Massachusetts doctors deciding whether to prescribe painkillers for their patients – and how much, at what dose – may soon have new guidance from state medical leaders.
Gov. Charlie Baker met with the deans of the state’s four top medical schools Wednesday to talk plans to update curricula for medical students and create a set of statewide standards on prescribing painkillers, powerful drugs that can be a gateway to addiction.
“I view this as something that is multi-factorial, multidisciplinary and there is no single silver bullet,” Baker told reporters. “We’re going to have some very important leaders in the health world working with us on this.”
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The effort comes as part of Baker’s action plan on opiate abuse, one element of which seeks to bring new training to doctors, who are essentially the gatekeepers of the powerful medication.
“We know that most physicians have been prescribing in ways that are reasonable, but we also know that there have ben some issues where too many opioids have been prescribed and allowed to get into our community,” said Dennis Dimitri, president of the Massachusetts Medical Society.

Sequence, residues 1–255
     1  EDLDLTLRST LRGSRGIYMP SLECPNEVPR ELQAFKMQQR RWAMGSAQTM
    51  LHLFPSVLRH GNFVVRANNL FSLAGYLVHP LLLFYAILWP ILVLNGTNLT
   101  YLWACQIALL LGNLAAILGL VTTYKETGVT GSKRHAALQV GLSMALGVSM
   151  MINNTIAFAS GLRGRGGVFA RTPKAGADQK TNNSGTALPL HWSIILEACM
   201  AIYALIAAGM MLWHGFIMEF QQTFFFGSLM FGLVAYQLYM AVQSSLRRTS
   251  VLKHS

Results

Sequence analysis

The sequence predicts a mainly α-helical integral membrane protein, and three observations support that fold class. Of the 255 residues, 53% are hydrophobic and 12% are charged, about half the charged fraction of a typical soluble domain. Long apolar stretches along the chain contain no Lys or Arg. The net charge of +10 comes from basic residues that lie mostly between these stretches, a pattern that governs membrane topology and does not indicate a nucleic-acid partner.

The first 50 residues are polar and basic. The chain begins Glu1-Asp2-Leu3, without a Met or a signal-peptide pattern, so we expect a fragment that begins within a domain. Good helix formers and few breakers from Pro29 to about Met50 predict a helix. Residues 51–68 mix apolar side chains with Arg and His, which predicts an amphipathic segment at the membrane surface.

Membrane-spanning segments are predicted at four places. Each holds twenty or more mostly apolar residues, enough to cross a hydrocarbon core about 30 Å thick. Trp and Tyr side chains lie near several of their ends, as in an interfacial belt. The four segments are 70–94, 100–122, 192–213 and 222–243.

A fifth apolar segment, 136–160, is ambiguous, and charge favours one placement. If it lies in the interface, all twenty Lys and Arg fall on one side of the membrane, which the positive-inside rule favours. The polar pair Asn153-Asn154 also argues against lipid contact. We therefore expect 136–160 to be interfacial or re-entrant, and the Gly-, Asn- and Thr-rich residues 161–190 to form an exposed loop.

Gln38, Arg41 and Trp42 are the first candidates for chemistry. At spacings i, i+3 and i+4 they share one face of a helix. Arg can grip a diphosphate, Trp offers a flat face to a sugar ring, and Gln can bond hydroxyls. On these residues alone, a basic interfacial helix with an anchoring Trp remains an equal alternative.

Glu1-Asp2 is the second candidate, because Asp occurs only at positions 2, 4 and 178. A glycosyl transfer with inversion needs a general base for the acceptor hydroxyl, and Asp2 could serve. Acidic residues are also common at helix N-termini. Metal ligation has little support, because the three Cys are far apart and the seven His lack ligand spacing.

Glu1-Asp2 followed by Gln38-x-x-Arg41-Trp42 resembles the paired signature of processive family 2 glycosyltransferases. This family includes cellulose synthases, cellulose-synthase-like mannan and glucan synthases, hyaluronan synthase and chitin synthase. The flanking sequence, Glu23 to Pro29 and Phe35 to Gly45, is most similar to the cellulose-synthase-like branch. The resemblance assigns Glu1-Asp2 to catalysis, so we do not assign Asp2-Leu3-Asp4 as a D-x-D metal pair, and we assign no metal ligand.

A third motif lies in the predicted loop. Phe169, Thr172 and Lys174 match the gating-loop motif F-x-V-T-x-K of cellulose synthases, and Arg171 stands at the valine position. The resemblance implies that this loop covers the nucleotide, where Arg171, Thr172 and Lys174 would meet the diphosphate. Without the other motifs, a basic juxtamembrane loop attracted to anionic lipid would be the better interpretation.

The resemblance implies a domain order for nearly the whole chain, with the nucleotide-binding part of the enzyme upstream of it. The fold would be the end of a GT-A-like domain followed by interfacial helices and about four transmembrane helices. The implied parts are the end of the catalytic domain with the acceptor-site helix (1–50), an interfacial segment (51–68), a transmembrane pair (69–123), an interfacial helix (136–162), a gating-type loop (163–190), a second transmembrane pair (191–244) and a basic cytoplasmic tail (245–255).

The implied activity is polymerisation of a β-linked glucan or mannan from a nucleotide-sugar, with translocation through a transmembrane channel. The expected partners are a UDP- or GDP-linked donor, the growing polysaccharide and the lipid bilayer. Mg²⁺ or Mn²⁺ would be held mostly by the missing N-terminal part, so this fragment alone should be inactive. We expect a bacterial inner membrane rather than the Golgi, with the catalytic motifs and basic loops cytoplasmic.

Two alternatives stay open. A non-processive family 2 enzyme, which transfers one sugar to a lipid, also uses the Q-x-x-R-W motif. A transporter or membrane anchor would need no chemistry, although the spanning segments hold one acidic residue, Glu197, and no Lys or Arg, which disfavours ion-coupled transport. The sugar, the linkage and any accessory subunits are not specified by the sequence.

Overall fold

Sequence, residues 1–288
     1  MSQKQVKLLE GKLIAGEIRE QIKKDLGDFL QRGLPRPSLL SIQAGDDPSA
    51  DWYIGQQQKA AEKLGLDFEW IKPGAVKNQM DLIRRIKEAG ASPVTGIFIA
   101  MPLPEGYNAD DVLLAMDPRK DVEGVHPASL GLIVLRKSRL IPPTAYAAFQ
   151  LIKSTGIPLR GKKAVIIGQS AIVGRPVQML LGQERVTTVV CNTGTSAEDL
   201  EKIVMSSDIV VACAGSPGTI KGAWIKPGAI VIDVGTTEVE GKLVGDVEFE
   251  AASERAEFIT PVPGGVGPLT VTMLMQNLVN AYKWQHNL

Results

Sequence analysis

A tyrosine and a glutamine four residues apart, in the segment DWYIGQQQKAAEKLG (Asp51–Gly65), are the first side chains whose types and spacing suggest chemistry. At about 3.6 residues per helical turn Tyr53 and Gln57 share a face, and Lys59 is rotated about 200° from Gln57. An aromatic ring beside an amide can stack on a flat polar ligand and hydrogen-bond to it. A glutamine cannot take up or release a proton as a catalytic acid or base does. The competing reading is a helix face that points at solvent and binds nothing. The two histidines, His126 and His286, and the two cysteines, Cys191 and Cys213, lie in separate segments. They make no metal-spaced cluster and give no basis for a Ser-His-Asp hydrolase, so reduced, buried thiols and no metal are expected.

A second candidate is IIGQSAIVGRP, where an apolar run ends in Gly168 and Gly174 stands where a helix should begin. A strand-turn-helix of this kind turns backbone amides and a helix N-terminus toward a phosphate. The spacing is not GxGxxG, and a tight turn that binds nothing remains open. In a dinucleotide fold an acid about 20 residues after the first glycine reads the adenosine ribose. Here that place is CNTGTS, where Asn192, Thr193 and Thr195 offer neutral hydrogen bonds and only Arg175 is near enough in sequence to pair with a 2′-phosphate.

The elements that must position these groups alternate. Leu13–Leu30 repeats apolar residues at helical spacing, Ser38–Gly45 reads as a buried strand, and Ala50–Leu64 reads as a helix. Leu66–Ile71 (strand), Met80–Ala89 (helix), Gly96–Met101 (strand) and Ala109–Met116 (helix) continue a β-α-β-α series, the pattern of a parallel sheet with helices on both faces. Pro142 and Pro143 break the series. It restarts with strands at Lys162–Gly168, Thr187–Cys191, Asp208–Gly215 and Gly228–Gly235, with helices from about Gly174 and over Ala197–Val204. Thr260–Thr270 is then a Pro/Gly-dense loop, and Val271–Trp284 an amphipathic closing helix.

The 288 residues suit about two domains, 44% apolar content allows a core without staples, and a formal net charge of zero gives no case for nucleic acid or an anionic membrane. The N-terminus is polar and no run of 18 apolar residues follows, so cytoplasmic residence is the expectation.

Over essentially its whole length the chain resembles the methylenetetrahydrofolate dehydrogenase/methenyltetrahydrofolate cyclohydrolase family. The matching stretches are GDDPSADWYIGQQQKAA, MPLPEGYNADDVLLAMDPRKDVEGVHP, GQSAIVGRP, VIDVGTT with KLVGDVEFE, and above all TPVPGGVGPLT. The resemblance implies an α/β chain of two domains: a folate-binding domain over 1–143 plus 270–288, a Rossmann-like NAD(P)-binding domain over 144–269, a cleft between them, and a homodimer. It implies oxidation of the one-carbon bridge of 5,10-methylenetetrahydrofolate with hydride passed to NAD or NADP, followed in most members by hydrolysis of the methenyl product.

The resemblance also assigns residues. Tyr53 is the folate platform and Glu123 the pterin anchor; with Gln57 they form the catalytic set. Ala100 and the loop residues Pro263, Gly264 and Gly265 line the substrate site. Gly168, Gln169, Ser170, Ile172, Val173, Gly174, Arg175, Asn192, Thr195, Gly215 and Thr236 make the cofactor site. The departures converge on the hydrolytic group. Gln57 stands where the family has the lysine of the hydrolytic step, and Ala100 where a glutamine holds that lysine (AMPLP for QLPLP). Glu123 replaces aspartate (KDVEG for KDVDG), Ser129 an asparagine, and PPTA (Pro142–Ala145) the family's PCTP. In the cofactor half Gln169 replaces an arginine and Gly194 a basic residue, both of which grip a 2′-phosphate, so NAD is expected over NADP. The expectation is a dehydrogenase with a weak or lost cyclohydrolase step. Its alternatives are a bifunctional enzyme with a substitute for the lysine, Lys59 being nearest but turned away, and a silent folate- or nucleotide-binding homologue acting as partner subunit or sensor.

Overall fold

The MMS published a new set of pain management guidelines for doctors earlier this year.
Treating pain can be especially challenging for doctors because it is hard to measure, said Monica Bharel, state public health commissioner.
“Pain is a subjective interaction between the caregiver and the patient, so that the level of subjectivity, that takes training,” Bharel told reporters Wednesday.
Mike Duggan, who runs a resource called Wicked Sober, which connects addicts with treatment, said in an interview nearly every opiate addict he has worked with got their start the same way: abusing painkillers.
“They all started with prescriptions,” Duggan, himself a recovering addict, told Metro. “Some took the medication legally, but others got it off the street, off the medicine cabinet or at a party.”